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The Rediff Interview/Rana Bhagwandas, acting chief justice of Pakistan
'The law is equal for everyone in Pakistan'
February 14, 2006
Last week when Justice Rana Bhagwandas, acting chief justice of the Pakistan supreme court, crossed into India along with his brother judge, Justice Khalil-ur-Rehman Ramdev, on a private visit, he expected his trip to go unnoticed.
"How did you find out our whereabouts?" he asked Senior Associate Editor Onkar Singh when Onkar caught up with the two judges at the Punjab Bhavan in Chandigarh.
Justice Bhagwandas is the senior-most judge in the Pakistan supreme court after the present chief justice. According to Pakistan's constitution, the senior-most judge holds charge for the chief justice in the latter's absence.
Justice Bhagwandas, who was born in Sind, confesses he is not much of a cricket buff but applauds whenever Pakistan registers a win against India.
I have come on a private visit with my brother judge Khalil-ur-Rehman Ramdev. I came to India once before, in 2005.
Any difference between the two visits?
I do not think it would be proper to compare the two visits because when I was here last time I did not visit Punjab and Haryana. Last time I went to Delhi, Lucknow, Gurgaon and Indore. This is a leisure trip full of recreation and excitement.
How has been the experience so far?
It is a nice experience, impressive and appealing. Because there is a lot of love and affection amongst the people who we met during this visit right from the moment we walked across the Wagah checkpost.
There is sincerity of purpose, respect for each other combined with love and affection. That is a great thing. It has been a wonderful experience.
You are the first acting chief justice of Pakistan from a minority community. How does it feel?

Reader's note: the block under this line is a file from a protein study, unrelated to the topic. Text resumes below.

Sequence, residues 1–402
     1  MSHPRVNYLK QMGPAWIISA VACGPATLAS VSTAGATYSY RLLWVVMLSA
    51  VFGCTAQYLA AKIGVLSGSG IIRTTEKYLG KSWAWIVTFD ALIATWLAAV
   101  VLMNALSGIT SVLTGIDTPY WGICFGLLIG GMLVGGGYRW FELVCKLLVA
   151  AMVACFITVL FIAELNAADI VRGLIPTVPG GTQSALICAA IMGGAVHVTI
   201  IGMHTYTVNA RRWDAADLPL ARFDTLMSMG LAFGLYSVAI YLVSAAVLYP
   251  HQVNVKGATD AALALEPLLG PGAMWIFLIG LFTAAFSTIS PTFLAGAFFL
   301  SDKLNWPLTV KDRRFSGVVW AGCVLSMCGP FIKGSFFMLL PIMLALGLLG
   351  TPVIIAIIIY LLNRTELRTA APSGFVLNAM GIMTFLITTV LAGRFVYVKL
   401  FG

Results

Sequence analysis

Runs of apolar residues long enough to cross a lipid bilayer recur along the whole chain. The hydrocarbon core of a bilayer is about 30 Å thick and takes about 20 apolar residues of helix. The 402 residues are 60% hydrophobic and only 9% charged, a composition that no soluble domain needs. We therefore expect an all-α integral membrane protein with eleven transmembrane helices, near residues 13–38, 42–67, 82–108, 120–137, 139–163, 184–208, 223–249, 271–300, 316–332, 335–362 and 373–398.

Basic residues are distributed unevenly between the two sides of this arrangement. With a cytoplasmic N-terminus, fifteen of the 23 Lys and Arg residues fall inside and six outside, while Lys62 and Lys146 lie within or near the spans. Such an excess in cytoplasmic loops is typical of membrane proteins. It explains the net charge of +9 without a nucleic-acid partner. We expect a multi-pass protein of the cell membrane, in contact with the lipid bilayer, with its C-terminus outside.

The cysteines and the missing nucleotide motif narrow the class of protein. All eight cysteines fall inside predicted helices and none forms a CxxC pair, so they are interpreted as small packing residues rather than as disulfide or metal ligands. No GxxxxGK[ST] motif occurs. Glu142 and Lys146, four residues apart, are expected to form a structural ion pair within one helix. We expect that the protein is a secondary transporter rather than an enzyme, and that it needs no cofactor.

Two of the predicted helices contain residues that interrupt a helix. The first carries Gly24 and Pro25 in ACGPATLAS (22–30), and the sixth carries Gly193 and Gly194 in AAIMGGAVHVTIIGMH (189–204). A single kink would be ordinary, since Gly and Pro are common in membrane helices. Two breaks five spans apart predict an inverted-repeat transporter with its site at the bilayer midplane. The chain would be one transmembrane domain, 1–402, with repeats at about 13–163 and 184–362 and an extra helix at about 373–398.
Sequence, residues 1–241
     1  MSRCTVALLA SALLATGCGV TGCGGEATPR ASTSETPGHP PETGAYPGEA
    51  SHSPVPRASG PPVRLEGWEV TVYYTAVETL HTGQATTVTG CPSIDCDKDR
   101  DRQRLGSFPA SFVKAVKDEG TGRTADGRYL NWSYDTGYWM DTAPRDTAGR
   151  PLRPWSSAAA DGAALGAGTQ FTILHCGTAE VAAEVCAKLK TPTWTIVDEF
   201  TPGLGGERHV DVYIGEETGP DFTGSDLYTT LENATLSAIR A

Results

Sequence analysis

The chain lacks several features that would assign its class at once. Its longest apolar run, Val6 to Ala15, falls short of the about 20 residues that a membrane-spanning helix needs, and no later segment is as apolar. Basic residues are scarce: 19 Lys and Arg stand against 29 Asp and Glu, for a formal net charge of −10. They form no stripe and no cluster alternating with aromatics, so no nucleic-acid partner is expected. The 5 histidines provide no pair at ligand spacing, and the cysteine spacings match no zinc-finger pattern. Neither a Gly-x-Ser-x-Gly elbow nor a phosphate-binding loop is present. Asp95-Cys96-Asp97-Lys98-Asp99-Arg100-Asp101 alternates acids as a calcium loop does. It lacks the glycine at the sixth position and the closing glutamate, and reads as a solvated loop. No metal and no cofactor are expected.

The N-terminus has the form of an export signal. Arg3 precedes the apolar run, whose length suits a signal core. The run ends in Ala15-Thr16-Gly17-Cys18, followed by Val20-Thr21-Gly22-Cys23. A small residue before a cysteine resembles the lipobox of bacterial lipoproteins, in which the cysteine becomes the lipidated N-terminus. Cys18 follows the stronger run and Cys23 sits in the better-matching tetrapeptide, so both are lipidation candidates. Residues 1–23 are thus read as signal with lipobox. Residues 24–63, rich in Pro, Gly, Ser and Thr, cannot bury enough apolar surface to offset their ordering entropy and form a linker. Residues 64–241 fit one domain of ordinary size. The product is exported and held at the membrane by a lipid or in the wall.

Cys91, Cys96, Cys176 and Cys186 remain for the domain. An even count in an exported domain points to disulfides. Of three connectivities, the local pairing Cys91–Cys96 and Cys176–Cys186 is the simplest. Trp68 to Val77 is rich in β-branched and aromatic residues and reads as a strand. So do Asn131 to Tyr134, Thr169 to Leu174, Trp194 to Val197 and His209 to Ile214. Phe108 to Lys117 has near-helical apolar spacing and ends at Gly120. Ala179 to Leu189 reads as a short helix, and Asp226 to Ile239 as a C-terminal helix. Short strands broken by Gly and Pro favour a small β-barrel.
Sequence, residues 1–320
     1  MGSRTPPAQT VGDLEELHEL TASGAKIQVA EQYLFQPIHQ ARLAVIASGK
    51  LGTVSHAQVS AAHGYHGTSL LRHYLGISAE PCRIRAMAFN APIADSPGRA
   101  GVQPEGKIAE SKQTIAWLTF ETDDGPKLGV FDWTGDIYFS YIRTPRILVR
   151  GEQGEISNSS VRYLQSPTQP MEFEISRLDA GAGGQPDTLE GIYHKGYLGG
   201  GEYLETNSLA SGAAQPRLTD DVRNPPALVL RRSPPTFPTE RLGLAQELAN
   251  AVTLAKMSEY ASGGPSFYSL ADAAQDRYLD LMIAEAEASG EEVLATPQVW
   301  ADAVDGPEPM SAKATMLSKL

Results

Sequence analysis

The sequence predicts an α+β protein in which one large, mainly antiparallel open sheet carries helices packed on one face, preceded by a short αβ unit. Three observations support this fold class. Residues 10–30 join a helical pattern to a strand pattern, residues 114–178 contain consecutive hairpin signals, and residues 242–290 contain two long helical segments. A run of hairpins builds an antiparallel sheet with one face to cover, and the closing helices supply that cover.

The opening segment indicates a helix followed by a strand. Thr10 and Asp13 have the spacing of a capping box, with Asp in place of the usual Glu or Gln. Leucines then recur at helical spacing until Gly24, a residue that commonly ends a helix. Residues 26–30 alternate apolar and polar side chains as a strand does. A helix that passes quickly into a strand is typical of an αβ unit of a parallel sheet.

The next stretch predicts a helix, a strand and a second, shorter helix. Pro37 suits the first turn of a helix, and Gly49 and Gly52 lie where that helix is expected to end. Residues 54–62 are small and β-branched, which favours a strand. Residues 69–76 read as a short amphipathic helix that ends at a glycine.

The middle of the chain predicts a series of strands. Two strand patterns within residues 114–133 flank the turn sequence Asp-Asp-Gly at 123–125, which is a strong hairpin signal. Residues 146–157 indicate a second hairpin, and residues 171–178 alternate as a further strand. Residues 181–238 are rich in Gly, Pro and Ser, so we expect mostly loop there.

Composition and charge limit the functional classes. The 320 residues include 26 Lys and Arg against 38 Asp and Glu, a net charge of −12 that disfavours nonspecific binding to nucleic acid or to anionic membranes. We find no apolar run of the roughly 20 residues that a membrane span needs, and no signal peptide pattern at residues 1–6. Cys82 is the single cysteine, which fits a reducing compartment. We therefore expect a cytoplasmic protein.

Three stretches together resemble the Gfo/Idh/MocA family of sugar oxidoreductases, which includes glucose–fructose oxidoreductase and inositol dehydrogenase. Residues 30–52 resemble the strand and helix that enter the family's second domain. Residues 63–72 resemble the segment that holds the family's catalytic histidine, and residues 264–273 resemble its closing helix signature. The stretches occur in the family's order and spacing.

For me it makes me no difference because I treat it (his position) as a sacred trust. It is the virtue of God, the Parmatma, the creator to do justice and we as judges merely act as his agents. I always seek guidance from the creator so that we do not make a wrong judgment.
We act without favour or fear, ill will or affection. For me it makes no difference.
Before me there have been distinguished judges from the minority community who have held this esteemed post. We had Justice A R Cornelius, who was the chief justice of Pakistan for eight long years, from 1960 to 1968.
Our constitution commands that in the event of the absence of the chief justice or his inability to perform his functions the president shall appoint the senior-most judge to act as the acting chief justice. That is why I get an opportunity whenever our chief justice goes abroad.
What is the status of minorities in Pakistan? Do they get justice?
There is no problem. The law is equal for everyone. It provides for equal treatment and equal protection.
Do you have stringent laws to deal with crime like rape?
Pakistan has already enacted such laws. The question is only of the implementation of that law. If proper and definitive evidence comes on record then people who indulge in such heinous crimes are duly punished. But if there is inadequate evidence then the courts cannot convict them.